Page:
Ah, moving. So much to do. So little time. Hopefully, you’re pretty psyched about your move, but maybe you need a quick pep talk. That’s what this blog is all about. After moving a ridiculous number of times, I’m here for you. I’ve learned that there is an art to happy moving, but it requires a sense of humor. Since you’ve convinced yourself that all you need is the 10 foot truck, you’ve clearly got a good one.
I’ve been a believer in the positive psychology movement before I even knew such a thing existed. It’s different than positive thinking. Positive thinking would be telling yourself: “Moving is awesome. I’m going to smile and all will be fabulous.” Positive psychology recognizes that, in real life, there’s the good and the bad. To make the most out of any experience, you focus on the happy times and find ways to deal with the not so happy times. You’re going to get a smattering of both throughout your move, so we’ll figure out how to make the best of it.
Figure Out 3 Reasons You’re Happy About Moving
Pick three (and only three) reasons why you’re excited about the move. Some possibilities to get you started: better commute, closer to/farther from family, career advancement opportunity, city with lots of things to do, great schools, proximity to nature, or improved weather conditions.
I recently heard Adam Grant speak about his book, Originals. He described studies that show people feel happier when they list three good things in their life instead of listing thirteen. With three you might say you are grateful for your family, friends, and health. When you start listing thirteen, you may be reaching for scraps. By the time you get to number thirteen, you might say “I’m grateful that the neighbor’s dog missed our lawn this morning.” With thirteen items on your list, you’ll start believing you’re not so happy after all. Instead you’ll think, “Really? That’s all I have to be happy about in my life?” Instead of thinking about a general gratitude list, come up with three reasons you’re happy to move. List three (and only three) reasons why this move will be a good thing for you.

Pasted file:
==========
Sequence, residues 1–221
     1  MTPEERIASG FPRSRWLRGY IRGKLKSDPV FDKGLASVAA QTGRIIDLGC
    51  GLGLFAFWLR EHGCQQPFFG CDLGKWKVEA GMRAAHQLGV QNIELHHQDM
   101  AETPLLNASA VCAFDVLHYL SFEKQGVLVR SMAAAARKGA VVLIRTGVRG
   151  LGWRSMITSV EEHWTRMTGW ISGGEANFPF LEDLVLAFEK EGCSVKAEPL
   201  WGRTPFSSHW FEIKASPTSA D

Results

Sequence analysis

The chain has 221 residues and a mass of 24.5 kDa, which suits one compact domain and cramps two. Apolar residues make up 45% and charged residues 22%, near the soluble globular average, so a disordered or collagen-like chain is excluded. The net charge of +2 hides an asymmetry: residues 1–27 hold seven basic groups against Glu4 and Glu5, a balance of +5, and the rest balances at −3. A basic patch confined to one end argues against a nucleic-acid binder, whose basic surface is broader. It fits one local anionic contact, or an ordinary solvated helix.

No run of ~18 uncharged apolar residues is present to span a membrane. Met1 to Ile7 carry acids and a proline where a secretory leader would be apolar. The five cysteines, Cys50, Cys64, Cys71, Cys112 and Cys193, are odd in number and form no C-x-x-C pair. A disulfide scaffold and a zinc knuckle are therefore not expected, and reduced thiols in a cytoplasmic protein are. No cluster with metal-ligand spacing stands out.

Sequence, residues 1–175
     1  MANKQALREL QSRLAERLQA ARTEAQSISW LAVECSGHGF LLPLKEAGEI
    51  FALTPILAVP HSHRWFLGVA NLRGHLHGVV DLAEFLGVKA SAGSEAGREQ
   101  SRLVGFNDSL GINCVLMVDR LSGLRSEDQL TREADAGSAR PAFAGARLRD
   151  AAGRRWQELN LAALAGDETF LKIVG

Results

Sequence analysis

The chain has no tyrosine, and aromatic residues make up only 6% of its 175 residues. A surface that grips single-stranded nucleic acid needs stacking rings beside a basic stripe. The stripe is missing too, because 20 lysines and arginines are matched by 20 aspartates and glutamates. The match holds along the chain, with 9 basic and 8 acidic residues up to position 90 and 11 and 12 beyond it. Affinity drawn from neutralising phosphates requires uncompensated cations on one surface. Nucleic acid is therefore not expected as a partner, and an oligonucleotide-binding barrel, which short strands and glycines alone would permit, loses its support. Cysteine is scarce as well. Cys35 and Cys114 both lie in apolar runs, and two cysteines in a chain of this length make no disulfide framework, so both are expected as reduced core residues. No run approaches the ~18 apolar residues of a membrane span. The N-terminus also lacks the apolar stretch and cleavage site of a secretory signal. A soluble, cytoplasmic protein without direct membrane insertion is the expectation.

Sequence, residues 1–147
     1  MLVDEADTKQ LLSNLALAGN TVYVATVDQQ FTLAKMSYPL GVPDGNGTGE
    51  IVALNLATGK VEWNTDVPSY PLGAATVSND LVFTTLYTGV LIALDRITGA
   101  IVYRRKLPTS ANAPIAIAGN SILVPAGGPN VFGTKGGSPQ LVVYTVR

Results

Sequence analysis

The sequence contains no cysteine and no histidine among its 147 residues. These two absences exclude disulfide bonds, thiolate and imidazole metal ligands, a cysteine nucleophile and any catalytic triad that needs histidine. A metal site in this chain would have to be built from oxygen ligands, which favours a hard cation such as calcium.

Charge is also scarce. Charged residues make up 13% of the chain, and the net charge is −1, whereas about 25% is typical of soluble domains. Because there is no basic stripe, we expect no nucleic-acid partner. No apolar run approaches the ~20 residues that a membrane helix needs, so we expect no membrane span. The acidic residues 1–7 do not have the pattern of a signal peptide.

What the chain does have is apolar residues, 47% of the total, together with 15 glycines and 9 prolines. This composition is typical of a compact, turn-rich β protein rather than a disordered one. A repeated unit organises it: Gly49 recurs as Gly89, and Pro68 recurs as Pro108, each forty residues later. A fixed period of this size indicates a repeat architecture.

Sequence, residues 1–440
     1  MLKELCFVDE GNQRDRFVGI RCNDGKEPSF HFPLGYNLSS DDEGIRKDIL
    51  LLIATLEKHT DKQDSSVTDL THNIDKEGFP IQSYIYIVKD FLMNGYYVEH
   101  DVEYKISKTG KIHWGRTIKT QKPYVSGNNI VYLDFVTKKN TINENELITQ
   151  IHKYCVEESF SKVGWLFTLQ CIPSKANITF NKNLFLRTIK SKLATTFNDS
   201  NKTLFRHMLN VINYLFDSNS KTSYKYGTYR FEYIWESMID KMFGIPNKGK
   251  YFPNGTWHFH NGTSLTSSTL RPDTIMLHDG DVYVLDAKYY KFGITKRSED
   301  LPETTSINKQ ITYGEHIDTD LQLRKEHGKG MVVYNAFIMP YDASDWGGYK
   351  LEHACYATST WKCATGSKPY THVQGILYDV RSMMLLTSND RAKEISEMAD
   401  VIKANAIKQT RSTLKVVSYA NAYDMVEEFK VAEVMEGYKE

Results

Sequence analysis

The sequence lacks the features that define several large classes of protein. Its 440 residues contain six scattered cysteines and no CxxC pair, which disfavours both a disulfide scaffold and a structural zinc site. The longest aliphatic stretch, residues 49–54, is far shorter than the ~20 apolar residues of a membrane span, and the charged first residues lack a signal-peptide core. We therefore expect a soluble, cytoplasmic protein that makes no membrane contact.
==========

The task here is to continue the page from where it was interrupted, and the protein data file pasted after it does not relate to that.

My husband and I made our lists when we moved to Tennessee:
Focus On the Positives
You’ve got your list of three. Keep this list handy. Any time you are feeling overwhelmed, remember the reasons you are happy about the move. You’ll be at your wits end when you’re going through yet another junk drawer and all you want to do is throw everything into a box marked “miscellaneous”. Then the words “a better life for my children” will scroll over your head stock-ticker style and you’ll realize you can do this. I’ve done this enough times to know that three reasons may not hold you over through the entire moving process. Undoubtedly, you’re going to need some chocolate. This list of three is a good start, though.
Figure Out 13 Reasons You Don’t Want to Move
Now it’s time to focus on the negatives. Bust them all out. Give me thirteen reasons why you’re upset about your move. The opposite is true when you’re listing the bad stuff. If you only name three reasons you don’t want to move, you’ll end up focusing tons of energy on those things. Instead, let everything out. You may not want to move because you’ll miss your family or friends or you don’t think your new job will be as good as your old one. Coming up with thirteen reasons might be tough, but that’s the point. When you have a hard time thinking up thirteen horrible things, you’ll realize that it’s not that bad. Maybe your number thirteen is, “I’m upset about the move because I’ll miss going to the theater that plays old movies.” That was my number eleven when we were leaving California. In the scheme of things, it wasn’t that big of a deal. When you look at your list of thirteen, you’ll see that the move is manageable. You can deal with the things on your list.